You know things are weird when behavioral health visits are outpacing primary care visits (at least as far as percentage increases) at many health centers. This is one of several paradoxes of the COVID-19 era along with the finding that many (if not most?) patients are preferring phone visits to video consults – which is causing many administrators consternation since many payers do not reimburse well for phone visits. So as Arsenio Hall used to say, these are things that make you go, “Hmm?” So let’s dive in to these and see if the data going forward bears our assumptions out.
Why Behavioral Health Is So Busy All Of A Sudden
First, it is not true that all integrated behavioral health personnel are busier. I have certainly heard of clinics, especially clinics serving underserved populations, like the homeless, who have had trouble staying busy in large part because of poor phone access. However in the era of the smartphone many clinics are finding that even poor patients have smartphones or at least a cell phone. And while we might assume that anxiety about the COVID-19 pandemic is the cause of the increase in behavioral health visits, my guess is actually that it is a sequelae of COVID-19, namely patients staying home, that is the main driver behind the productivity increase. In other words, patients have the time (at home), means (phone) and motivation (lots of things including stress) to engage behavioral health and are far less likely to no show. Basically, what many in the world of integrated care have been harping on for decades, that behavioral health places too many barriers to access, is bearing out once again. Reduce the barriers and the patients will come.
The productivity on the primary care side will come back eventually, but since talk therapy is so amenable to telehealth I suspect that behavioral health visits will continue to outpace primary care for a bit. The irony is that it used to be primary care providers who were too busy to reach out to their behavioral health consultants – now it’s often the other way around.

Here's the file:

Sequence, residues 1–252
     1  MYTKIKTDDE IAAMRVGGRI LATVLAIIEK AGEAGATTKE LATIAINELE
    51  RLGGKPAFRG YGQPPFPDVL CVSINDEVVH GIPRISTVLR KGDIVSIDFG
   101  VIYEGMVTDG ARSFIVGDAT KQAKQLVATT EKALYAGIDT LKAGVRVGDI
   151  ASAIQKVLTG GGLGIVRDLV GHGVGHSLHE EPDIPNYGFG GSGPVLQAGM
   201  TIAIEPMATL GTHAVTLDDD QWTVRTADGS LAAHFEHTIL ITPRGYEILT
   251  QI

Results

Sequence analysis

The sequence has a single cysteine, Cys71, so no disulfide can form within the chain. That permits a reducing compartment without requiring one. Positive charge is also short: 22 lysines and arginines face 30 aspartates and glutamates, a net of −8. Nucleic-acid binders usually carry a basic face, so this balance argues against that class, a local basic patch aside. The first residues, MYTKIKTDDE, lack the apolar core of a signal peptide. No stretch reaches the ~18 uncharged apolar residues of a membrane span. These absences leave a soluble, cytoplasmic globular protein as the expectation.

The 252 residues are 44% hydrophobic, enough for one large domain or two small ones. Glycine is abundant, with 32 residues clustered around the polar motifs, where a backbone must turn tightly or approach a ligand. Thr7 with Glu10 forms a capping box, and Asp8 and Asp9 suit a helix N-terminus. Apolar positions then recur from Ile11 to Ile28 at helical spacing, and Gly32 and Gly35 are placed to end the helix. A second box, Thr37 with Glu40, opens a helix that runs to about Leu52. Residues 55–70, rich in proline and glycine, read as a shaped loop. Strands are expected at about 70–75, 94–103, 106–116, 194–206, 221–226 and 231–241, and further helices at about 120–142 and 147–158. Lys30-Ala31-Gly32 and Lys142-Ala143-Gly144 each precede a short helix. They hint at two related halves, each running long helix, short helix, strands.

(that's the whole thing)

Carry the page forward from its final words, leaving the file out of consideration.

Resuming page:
And if you are thinking about what’s on the horizon here is my bullet point list of things to ponder with regard to your integrated care teams:
- How can we transition patients seamlessly from provider to provider in a visit? If we coordinate the underlying work strategies it should actually be easier in a telehealth world.
- How about huddles? Getting team members together should be easier in this environment, but I’m still not hearing much of this other than general staff meetings.
- Are we building a backlog of demand in primary care? I’m concerned about all the patients not reaching out for care right now. At some point will we have a lot of patients trying to access the system at the same time and can we do something about that now through proactive panel management?
Why Many Patients Prefer The Phone
I have long suspected this since a lot of my work has been on the phone with patients. Patients like phone conversations for the convenience. It’s providers who don’t like the phone because of the lack of visual cues and the feeling that it is not a “real” visit. The truth is, I feel just as effective on the phone as in person given the amount of practice I have had. But what was surprising to me was that patients seem to prefer it to video consults. Then my middle-school daughter clued me in as to why.
We all have a little middle-schooler in us.”An insight gleaned from observing my middle school-aged daughter.
She was on a school zoom call recently where the poor teacher was the only one sharing his video. Every one of the students had their video turned off. Now likely some of that is a desire to be less accountable to paying attention, but some of it I realized is that middle schoolers are notoriously self-conscious. I suspect that patients don’t necessarily like seeing themselves in a video chat and that the video format creates a level of self-consciousness that is uncomfortable enough to push some to use the phone. In other words, we all have a little middle-schooler in us. That said, as video chatting becomes ever more ubiquitous I suspect that will change as well. We already have become less self-conscious on business video calls that show are messy rooms or kids in the background.
Where this will all settle out is anyone’s guess. This blog is likely to be outdated by next week. Such are the times we live in. My guess is that telehealth is here to stay and that primary care will adapt its services to provide routine care that can be handled well via telehealth while providing more complex care in house (eg. diabetes management). Because we are integrated, the same will occur with behavioral health. Why make someone come to the clinic if we can reach them at home and avoid no-shows (and get paid)? At the same time, we will still need to have those in-person visits, particularly for complicated medication management or perhaps certain types of family visits (although has anyone tried couples work with each partner on a different device?). For now, what I am sensing from our members is that we are dealing with today today. Survive and advance and hopefully at some point soon we can pick our heads up and see the horizon in the upside down world of COVID-19.
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